The experimental methodology therefore prevents work on groups from being located, as might be expected, in the ‘domain of the group’. This domain “[I]s concerned with what people create between them – though not primarily with what participating individuals do and think; the focus is either on the system of which the individuals are a part or the meanings they create between them”. Social constructionist and psychodynamic perspectives on groups fit more neatly into this domain, since the group itself is seen as the fundamental unit of analysis.
The ‘group psychodynamic paradigm’ offers a more inclusive vision of group processes. Aschbach and Schermer (1994, adapted in Morgan and Thomas, 1996, p77) describe the paradigm across three systems. First, the internal/intrapsychic systems of each individual in the group including unconscious motivations; Second, systems of communications, both conscious and unconscious between two or more individuals; Finally, The group as group.
Some psychodynamic work on groups differs in assumptions from the experimental approach whilst still retaining a focus on what happens to individuals in groups. Instead of measurable behaviour there is an emphasis on subjective experience, a dynamic unconscious and the influence of primitive motivations within the group context. However, it is in the notion of the ‘group mind’ that the approaches can be most clearly distinguished. Turner (1984, cited in Morgan and Thomas 1996, p68) forthrightly rejects the concept: “It is a basic assumption of modern psychology that psychological processes reside only in individuals – in the most literal sense, at least, there is no such thing as a ‘group mind'”.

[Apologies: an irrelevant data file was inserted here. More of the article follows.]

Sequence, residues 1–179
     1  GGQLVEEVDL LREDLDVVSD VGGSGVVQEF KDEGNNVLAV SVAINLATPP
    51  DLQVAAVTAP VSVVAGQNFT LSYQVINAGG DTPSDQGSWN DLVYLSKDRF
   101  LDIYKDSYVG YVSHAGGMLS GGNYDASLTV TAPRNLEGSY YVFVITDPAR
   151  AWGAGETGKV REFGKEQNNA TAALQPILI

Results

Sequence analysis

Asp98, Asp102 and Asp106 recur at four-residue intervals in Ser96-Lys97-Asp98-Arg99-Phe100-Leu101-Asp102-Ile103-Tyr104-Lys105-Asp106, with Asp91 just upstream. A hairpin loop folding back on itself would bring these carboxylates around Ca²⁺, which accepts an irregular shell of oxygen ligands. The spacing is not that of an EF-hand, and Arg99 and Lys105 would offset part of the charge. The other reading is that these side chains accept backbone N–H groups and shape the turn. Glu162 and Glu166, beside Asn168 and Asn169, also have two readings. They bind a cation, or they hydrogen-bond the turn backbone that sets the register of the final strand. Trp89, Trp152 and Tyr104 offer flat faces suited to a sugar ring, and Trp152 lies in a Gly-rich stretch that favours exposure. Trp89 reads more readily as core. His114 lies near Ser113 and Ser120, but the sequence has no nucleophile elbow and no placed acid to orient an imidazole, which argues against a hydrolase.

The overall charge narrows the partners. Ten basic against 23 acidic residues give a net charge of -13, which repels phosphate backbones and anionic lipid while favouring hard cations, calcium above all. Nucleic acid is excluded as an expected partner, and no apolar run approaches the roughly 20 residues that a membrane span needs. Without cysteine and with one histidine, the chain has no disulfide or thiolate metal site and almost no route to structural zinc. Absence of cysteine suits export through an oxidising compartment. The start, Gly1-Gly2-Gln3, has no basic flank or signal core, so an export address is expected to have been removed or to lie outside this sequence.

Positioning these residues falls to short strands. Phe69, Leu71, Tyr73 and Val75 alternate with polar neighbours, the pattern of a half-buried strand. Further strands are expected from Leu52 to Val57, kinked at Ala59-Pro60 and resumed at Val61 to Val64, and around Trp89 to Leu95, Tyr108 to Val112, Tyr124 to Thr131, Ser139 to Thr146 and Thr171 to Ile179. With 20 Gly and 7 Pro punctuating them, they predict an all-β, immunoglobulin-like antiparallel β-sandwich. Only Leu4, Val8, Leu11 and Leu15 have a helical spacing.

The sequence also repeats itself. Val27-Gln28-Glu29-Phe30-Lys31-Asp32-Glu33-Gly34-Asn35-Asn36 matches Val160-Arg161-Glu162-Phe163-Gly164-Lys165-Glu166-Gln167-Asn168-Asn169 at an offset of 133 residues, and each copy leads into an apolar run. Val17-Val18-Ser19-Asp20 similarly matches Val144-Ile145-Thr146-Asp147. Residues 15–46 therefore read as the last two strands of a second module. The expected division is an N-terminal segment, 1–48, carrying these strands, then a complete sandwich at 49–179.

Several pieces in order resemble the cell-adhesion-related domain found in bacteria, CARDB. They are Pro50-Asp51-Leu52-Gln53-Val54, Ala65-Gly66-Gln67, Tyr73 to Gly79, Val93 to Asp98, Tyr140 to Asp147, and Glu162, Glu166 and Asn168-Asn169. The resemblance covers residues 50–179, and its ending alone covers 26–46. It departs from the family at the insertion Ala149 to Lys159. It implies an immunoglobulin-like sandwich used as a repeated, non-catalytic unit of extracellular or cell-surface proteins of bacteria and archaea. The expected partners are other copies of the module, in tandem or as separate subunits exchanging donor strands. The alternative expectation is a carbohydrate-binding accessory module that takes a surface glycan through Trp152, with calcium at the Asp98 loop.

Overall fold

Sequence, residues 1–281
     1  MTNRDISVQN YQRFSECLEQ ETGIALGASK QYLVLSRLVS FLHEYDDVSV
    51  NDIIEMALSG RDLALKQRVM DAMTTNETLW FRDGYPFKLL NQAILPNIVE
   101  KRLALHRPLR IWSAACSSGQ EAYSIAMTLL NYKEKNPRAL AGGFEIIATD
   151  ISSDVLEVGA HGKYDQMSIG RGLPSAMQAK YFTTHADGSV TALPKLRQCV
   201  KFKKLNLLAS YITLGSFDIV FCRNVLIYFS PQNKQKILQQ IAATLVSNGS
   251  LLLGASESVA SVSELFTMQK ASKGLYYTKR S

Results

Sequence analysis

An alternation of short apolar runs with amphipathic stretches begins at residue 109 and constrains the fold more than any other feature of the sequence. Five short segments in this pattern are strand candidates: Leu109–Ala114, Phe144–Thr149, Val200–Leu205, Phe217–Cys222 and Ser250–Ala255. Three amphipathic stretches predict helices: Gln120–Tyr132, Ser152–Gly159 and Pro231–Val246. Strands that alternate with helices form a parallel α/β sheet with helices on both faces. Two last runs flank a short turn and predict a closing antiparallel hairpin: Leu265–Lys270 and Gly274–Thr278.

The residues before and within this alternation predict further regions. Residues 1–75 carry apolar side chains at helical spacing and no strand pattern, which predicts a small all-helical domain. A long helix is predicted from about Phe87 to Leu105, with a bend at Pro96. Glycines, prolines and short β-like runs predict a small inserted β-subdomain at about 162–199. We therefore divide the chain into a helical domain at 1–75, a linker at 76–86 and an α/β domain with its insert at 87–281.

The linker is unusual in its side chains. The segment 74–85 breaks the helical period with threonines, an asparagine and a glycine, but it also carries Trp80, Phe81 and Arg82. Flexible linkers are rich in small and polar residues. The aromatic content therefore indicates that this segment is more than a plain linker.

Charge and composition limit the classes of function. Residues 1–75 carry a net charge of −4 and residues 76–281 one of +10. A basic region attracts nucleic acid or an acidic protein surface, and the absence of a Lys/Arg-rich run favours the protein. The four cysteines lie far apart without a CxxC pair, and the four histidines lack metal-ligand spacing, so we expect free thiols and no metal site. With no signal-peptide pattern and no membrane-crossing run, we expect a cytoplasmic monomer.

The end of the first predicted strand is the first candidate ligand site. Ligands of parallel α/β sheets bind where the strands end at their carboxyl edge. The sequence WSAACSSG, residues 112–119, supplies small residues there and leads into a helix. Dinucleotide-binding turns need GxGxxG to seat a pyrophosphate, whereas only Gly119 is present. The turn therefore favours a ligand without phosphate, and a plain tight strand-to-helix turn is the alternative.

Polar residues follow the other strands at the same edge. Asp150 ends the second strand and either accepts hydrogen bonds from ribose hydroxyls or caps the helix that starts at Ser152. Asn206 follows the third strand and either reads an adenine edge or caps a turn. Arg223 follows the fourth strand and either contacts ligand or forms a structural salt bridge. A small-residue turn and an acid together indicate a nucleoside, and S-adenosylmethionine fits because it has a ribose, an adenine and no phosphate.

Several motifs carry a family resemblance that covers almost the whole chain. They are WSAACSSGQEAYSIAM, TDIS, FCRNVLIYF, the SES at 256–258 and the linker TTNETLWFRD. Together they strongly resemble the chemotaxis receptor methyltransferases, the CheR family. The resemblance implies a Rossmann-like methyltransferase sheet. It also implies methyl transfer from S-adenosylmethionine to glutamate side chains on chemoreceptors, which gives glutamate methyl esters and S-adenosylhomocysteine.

Thus it would seem that there are no surprises in what experimental evidence can tell us about what goes on in groups. Scientific positivism is scientific positivism. Whilst it is shown that individuals are complex and do not react in just one way, patterns of influence are described in cause-and-effect terms without recourse to emergent properties. The value that we place on this evidence depends on how we define a group. If it is simply a collection of people with affiliation then we must accept that group experiments are some of the most interesting and telling in psychology. But, if we incorporate the possibility of a ‘groupishness’ (Bion’s word) beyond that collection, then experiments can contribute little to our knowledge of the group so defined.